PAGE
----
Flowers! you’ll say when I come through the door. You’ve been so patient with Mother’s recent problems, I want to do something nice for you, to see you smile. Maybe I’ll take you to dinner.
I knew that she didn’t approve of our union, but I decided that I didn’t care. I loved you so much that no one was going to tell me I couldn’t be with you. I was surprised, though, that Mother couldn’t put on a good face about the whole affair, dress in her church clothes and come to the chapel, standing in her place of honor right across the aisle from your parents. When she didn’t show, I shrugged and said, Well, the show must go on, though I felt as if I had sand in my heart and couldn’t believe that she’d do this to me. I never would have guessed that she would have gone off the deep end, never in a million years, shrieking like a banshee down the red carpet, hurling obscenities in the house of the Lord. And then throwing a bucket of pig’s blood over you. I feel grateful that you went through with the wedding, though you would have been in the right for walking out and never speaking to me again.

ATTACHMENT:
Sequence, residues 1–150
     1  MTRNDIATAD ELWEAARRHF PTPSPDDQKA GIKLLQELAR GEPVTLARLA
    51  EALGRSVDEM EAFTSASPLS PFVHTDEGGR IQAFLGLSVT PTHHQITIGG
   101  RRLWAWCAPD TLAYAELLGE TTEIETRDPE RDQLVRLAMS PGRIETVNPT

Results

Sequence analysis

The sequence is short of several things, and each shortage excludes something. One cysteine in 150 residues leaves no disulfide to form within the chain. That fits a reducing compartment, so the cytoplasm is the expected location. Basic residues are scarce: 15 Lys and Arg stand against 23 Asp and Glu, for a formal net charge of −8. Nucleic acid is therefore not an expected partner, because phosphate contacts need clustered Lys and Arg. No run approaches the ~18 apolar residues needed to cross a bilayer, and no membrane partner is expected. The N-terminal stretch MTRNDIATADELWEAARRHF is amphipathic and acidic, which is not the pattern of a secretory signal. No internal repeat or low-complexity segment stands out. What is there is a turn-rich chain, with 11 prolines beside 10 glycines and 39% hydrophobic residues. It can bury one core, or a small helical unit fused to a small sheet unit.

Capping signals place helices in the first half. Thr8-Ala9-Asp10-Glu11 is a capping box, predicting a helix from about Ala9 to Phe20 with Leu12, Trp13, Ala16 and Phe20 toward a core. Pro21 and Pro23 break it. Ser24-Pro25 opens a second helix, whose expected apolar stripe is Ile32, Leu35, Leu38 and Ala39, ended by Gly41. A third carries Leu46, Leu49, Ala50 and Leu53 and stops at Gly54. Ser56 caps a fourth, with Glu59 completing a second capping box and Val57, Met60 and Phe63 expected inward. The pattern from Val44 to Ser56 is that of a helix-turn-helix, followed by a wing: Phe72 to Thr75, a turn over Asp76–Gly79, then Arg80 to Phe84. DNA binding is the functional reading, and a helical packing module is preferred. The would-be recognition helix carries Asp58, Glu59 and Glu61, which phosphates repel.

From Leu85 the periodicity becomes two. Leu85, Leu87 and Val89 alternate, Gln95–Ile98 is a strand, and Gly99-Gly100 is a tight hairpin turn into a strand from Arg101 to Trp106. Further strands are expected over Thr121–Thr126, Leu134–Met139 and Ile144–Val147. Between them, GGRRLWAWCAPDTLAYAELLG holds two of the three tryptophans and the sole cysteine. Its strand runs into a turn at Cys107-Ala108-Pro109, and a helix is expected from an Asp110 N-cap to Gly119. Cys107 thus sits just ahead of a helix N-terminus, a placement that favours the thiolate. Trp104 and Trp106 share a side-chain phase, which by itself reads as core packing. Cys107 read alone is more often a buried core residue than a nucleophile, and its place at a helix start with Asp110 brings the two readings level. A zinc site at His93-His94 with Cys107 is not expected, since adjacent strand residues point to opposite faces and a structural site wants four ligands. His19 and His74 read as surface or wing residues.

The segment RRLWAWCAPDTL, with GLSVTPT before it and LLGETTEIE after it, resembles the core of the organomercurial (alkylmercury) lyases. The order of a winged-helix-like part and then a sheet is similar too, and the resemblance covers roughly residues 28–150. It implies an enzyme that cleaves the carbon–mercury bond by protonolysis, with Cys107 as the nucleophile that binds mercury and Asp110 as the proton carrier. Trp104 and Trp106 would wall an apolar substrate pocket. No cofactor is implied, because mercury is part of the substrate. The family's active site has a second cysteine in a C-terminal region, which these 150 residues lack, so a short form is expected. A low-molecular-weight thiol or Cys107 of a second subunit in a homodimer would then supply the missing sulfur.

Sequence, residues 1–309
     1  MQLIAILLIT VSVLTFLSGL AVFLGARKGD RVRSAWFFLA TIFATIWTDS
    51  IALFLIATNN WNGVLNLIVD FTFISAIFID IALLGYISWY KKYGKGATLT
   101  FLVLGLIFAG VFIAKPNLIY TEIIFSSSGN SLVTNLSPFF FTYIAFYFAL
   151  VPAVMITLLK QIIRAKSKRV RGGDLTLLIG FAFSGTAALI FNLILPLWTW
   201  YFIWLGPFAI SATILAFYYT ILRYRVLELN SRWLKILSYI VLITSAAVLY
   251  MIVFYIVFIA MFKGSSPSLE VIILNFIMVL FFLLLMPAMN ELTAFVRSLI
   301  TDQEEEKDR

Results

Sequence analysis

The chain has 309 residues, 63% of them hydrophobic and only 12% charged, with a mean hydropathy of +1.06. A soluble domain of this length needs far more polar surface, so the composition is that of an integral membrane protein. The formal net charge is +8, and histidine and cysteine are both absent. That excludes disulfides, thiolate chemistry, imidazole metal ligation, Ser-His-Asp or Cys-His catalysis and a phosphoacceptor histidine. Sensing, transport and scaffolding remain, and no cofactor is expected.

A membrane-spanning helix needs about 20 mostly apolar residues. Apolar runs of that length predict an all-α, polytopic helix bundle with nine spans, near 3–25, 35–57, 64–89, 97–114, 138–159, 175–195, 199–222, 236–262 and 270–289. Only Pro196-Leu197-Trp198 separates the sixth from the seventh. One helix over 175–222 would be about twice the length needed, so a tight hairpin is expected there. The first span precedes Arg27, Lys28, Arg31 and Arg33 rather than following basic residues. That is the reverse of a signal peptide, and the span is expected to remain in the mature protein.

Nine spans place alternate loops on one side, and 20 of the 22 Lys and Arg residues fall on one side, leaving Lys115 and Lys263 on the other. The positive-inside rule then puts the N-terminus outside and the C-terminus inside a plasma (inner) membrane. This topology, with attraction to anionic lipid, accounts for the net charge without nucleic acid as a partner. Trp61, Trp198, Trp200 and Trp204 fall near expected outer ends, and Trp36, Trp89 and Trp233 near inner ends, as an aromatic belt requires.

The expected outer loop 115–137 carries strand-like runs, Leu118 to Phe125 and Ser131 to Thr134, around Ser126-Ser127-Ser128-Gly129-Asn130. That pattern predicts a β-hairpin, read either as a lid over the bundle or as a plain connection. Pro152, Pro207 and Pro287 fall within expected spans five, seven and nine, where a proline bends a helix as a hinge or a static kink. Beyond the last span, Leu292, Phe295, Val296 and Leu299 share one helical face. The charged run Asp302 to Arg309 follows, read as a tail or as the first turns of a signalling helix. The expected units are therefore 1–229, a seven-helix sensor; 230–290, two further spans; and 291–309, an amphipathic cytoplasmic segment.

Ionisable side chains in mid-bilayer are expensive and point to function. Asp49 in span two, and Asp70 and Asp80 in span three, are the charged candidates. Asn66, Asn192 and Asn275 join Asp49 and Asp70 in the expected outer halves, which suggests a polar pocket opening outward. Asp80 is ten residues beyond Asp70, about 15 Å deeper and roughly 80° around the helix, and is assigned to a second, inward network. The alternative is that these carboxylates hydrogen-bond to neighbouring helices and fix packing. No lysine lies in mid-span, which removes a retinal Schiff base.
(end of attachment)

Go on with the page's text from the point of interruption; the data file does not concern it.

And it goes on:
Or maybe you’ll make dinner for me. I’ll do the dishes after it’s over and then build a fire. We’ll sip port and listen to Bach. Or Mahler. At some point, we’ll retire to our bedroom. We’ll close the door and engage in the private acts that are natural for a man and woman.
Mother wasn’t always like this. I blame the appearance of the Stranger in our lives. We decided to rent out the spare room after Father died and the Stranger was the first to move in. I could tell from the moment I set eyes on him that there was something terrible in his past. I was twenty-four, had a job, felt content living at home. But as soon as that man set up house in our spare bedroom, I wanted out. Who would have thought that within just months of getting my own place, that, home for dinner one evening, Mother would pass the mashed potatoes and I’d see the ring. She blushed terribly, tried to hide it, but they were Mr. and Mrs. Vorhess, and there was nothing I could do about it. I had learned to count to ten when angry (Mother had taught me this): 1, 2, 3, 4…sawing my steak, commenting on the flowers, sipping wine, chew, chew…5, 6, 7, 8…
You’ll want to give a party and I can understand it. It’s a simple thing, a common event when two people are married. They’ve bought a house together, they want people to see where they live, how they’ve decorated. But you need to understand: Mother has a sadistic streak. Any celebration we attempt will be marred by her appearance, I guarantee. Surely, you don’t want that. As certain as I am of your goodness, I am twice as certain of her evil.